Bangkok is full of golden treasures.
Everywhere you look: every nook and cranny; every street and every market – there are unique and interesting artefacts to be discovered. This is particularly true in the old city, where each building and every object has historical, religious and/or artistic significance. Turn a corner and you make a new discovery.
Take for example, Wat Ratchanatdaram Worawiharn: a temple built by order of King Rama III (1824-1851) to honour a royal princess. Architecturally beautiful, the temple is known for it’s unique 37-tiered Loha Prasada (brazen palace) representing the 37 buddhist virtues. But, behind the temple buildings are the real treasures – Wat Ratchanada is also known for the the amulet market within its grounds.
Bordering the car park, an unprepossessing collection of stalls patched together from plywood and corrugated iron house metal shelves and plastic tubs, piled to overflowing with beads, amulets, and religious and sacred images.
Protective talismans, religious symbols and good-luck charms come in a variety of forms. Buddhas of all shapes and sizes can be found in glass, precious stone, metal and garish plastics. Fat, smiling, Chinese Buddhas mix with Sukhothai-style renditions of Siddhārtha Gautama. Turtles, dragons and other Chinese horoscope animals are jumbled together beside figurines of Hindu gods like Ganesh and Vishnu. Thai-specific iconography includes past kings, variations on the animist rice goddess, and revered Buddhist abbots. Amulets designed to be worn, tucked into pockets, or hung from car and truck mirrors, come in all sizes and form to protect the wearer or user from harm. Vials filled with liquid and herbs are made to age-old folk-magic traditions to bring love, heal sickness and ensure long life and financial security.
To a Western eye, the most noticeable talismans are the myriads of penis amulets. Ornately decorated or plain; cast in metal or resin or carved from wood, horn or bone; small or large – these protective, good-luck talismans can be seen everywhere in Thailand. Clearly they are in demand: they hang bundled on strings in the amulet shops, like bunches of bananas, ready for picking.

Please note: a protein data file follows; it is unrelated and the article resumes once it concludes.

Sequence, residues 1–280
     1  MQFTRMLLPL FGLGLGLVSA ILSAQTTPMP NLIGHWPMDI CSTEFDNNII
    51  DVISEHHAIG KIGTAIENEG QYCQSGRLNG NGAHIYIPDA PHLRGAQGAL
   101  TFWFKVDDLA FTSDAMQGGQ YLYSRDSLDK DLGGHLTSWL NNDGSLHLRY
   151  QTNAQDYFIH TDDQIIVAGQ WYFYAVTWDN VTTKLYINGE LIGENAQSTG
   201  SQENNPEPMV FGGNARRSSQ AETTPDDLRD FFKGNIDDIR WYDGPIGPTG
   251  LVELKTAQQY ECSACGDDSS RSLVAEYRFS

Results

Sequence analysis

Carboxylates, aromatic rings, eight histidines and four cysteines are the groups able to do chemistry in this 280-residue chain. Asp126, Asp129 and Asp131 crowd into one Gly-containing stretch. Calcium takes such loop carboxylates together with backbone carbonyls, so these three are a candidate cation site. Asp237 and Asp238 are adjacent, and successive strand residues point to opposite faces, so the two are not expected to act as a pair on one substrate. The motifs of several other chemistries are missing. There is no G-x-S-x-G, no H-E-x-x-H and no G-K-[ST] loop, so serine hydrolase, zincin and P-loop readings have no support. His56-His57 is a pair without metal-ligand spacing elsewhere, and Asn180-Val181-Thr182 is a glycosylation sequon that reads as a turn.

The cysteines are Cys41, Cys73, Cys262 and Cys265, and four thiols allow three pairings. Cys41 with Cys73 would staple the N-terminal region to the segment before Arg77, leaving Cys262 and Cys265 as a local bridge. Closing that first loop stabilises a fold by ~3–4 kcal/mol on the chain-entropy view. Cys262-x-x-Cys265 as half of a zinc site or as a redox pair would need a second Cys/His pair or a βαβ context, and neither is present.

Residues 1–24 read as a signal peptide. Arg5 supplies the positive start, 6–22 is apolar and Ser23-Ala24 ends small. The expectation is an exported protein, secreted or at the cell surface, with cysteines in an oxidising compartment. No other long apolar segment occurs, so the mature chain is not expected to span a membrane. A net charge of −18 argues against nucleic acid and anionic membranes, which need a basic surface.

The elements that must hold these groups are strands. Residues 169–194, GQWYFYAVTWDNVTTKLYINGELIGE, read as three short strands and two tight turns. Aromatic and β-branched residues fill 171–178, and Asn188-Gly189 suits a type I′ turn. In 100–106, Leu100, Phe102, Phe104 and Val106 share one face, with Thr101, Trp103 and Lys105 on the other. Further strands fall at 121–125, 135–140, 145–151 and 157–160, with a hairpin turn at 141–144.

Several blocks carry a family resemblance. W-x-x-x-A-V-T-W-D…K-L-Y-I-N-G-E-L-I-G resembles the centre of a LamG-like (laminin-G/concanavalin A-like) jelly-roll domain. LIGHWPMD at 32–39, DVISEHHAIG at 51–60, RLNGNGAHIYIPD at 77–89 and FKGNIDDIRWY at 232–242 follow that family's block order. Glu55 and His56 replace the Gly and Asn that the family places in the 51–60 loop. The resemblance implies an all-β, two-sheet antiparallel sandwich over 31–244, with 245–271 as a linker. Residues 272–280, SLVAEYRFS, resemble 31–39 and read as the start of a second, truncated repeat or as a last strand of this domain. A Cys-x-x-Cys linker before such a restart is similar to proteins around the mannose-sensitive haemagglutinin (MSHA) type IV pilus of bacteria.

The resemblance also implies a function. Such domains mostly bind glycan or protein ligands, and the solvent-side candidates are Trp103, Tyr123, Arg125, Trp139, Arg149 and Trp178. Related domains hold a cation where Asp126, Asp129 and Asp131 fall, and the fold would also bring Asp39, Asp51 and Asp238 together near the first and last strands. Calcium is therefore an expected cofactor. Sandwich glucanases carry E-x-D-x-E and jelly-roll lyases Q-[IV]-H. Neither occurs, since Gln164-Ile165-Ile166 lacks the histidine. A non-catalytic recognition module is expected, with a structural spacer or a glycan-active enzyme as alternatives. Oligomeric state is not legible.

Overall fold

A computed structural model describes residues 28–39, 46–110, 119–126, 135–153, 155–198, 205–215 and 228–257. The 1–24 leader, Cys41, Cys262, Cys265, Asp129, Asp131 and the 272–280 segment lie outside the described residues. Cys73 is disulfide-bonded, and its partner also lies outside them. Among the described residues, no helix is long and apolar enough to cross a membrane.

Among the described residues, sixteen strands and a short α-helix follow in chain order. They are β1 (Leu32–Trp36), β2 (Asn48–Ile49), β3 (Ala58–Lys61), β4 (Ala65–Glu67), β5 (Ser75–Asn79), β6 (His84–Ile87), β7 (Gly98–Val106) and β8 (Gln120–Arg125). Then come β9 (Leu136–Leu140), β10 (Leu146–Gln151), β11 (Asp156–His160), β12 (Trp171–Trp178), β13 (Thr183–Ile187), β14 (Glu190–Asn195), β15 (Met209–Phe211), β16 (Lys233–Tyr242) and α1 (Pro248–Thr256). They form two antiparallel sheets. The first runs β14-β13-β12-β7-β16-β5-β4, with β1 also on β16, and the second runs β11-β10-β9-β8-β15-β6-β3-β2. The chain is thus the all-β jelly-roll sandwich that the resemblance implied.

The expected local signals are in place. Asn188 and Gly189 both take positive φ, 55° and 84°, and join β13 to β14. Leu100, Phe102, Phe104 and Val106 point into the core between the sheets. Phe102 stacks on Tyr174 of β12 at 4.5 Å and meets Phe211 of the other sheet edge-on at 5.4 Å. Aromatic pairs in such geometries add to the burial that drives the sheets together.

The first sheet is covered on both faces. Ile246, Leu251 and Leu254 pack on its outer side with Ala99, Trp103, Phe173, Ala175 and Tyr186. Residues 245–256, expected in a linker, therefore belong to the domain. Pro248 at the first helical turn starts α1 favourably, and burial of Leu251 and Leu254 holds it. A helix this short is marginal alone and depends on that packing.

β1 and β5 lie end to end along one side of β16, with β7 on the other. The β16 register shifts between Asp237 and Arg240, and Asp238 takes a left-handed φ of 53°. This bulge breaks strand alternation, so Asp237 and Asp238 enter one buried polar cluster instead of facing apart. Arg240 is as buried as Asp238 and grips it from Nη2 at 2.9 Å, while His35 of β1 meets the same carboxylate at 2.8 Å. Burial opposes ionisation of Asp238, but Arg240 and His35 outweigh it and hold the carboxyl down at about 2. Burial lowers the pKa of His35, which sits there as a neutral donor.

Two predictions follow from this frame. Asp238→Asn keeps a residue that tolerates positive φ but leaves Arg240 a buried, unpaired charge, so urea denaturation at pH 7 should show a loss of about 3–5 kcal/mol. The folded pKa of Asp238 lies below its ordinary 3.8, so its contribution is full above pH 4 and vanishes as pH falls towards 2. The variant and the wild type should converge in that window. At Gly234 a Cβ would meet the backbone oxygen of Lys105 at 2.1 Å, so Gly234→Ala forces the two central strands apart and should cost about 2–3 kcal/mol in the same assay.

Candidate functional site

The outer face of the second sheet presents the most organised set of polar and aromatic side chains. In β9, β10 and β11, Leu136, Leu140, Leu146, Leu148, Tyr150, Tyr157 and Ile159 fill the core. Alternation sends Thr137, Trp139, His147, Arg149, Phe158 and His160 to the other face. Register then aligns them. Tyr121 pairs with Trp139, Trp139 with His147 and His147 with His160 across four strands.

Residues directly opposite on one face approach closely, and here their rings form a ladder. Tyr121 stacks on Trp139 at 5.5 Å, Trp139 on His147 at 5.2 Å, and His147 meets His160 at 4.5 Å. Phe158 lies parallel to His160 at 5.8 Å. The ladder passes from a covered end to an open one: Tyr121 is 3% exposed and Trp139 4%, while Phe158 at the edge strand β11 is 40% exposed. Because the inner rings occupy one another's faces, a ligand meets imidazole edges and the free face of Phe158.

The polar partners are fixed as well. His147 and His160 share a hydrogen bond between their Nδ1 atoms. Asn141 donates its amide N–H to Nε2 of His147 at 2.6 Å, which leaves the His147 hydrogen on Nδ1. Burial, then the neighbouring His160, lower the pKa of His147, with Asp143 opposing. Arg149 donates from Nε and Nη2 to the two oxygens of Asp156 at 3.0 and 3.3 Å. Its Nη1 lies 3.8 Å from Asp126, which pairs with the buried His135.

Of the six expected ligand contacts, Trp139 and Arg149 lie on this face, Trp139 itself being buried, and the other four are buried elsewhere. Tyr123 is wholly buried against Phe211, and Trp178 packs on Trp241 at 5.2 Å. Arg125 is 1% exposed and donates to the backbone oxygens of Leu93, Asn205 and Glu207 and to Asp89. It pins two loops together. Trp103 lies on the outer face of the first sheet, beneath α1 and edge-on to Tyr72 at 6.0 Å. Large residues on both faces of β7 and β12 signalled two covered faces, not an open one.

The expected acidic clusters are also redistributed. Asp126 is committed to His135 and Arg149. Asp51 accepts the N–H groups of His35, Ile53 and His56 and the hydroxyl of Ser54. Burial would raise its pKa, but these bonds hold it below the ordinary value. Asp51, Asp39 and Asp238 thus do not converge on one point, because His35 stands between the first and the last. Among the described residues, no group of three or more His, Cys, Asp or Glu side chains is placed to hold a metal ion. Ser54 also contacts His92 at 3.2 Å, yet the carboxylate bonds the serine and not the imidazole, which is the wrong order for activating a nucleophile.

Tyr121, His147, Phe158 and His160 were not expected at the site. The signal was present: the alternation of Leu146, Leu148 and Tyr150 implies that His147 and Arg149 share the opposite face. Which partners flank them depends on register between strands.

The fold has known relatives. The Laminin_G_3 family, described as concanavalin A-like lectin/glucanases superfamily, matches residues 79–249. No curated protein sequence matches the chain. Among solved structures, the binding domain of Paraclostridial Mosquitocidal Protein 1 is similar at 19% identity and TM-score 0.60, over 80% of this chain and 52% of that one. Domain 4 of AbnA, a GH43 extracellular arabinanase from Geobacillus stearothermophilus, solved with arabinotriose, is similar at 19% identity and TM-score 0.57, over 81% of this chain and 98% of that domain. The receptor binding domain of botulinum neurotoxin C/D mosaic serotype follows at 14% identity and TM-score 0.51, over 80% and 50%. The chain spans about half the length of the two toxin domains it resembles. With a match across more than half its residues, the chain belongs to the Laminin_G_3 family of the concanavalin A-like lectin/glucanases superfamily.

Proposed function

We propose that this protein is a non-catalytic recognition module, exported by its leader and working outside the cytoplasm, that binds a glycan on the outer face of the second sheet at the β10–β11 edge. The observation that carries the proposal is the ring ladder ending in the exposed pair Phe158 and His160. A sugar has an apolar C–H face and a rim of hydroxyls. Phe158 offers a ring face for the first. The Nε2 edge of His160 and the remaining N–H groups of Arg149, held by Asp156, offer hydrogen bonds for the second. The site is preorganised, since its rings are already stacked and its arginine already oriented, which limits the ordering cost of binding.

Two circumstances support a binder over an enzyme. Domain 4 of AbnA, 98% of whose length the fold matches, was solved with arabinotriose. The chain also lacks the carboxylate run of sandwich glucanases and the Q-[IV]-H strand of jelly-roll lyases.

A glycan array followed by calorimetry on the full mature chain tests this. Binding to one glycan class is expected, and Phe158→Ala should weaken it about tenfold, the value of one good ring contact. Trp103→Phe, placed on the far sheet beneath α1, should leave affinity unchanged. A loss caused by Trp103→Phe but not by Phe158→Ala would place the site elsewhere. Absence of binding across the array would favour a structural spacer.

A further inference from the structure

Amulets, if old or if blessed by the right monk, can be priceless, and serious collectors can often be seen with a jeweller’s glass loupe examining them closely.
Wat Ratchanada is one of the busiest amulet markets in Bangkok. The morning I was there, however, it was quiet. I was with a walking group organised by ANZWG (the Australian New Zealand Women’s Group) and we had the market to ourselves as we wandered around the fluorescent-lit stalls. Sellers pass the quiet hours cleaning and stocking the dusty shelves, chatting, eating, or putting intricate amulet jewellery together.
It’s a short walk from the amulet markets to the small neighbourhood of Baan Bat, where more treasures can be found and bartered for. With a small development loan from the Community Organizations Development Institute (CODI) this community has revitalised its traditional craft of hand-making beautiful hammered-metal monk’s begging bowls.
The Baan Bat community is at the foot of the Golden Mount (Phu Khao Thong ~ ภูเขาทอง), the artificial hill originally built by King Rama III (1787 – 1851) and topped by a chedhi finished by King Rama V (1853– 1910).
It was a golden summer morning – full of discoveries – with clear, untroubled skies over the City of Angels.
It is rainy season here now. Today, as I write this, Bangkok is under siege from the very waters that, the rest of the year, are its lifeline. The rivers and klongs that allow us to bypass the notorious traffic jams are about to overflow. Up-country, three hundred lives and countless properties havebeen lost as the country battles the worst flooding in over 50 years. The old city and and its treasures are under threat.
It may take more than amulets and lucky charms to keep us safe.